Bernie Madoff’s investors thought they were getting richer every quarter. Then, one day, they discovered their wealth “was a figment of someone else’s imagination,” writes Paul Krugman in the New York Times. And sadly, that’s a pretty good metaphor for America’s experience this decade. We thought we were getting rich, and now awake to find average household net worth lower than it was in 2001.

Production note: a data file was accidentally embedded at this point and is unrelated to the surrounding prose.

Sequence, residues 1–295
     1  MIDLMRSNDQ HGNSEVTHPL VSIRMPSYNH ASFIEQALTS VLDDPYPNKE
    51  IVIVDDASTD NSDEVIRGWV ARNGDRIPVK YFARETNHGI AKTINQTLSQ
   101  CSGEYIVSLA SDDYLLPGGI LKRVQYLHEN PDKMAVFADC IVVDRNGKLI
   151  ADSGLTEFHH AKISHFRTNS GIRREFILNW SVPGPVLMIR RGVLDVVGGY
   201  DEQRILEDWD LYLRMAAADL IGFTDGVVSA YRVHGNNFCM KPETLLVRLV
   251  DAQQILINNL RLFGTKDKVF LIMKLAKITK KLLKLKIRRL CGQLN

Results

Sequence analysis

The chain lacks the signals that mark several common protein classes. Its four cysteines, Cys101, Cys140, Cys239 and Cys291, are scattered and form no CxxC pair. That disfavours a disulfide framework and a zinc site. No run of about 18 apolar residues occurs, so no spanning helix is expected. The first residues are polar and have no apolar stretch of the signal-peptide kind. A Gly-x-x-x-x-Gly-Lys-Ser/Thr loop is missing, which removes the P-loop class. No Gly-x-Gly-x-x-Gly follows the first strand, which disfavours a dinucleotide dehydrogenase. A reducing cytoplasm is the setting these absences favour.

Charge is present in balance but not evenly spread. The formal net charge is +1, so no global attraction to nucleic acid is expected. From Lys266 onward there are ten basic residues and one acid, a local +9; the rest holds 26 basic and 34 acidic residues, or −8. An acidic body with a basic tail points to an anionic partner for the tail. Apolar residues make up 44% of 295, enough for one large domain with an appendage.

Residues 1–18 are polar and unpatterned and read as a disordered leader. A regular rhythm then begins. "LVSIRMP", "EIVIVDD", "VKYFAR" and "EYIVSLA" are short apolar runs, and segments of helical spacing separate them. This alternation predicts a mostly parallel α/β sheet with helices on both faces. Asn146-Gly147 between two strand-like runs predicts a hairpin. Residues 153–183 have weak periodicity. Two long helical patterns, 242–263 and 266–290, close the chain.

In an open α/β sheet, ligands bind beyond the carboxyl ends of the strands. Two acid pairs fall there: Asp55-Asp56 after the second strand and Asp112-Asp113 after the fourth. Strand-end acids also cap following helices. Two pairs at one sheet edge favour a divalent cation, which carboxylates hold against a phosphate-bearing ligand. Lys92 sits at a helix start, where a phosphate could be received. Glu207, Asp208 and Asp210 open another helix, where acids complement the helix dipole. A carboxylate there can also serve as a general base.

This shouldn’t surprise us, of course, since we weren’t saving. The savings rate dropped from 9% in the '80s to just 0.6% from 2005 to 2007. We borrowed and spent, trusting our portfolios to keep growing. “Then reality struck,” says Krugman. “The surge in asset values had been an illusion—but the surge in debt had been all too real.”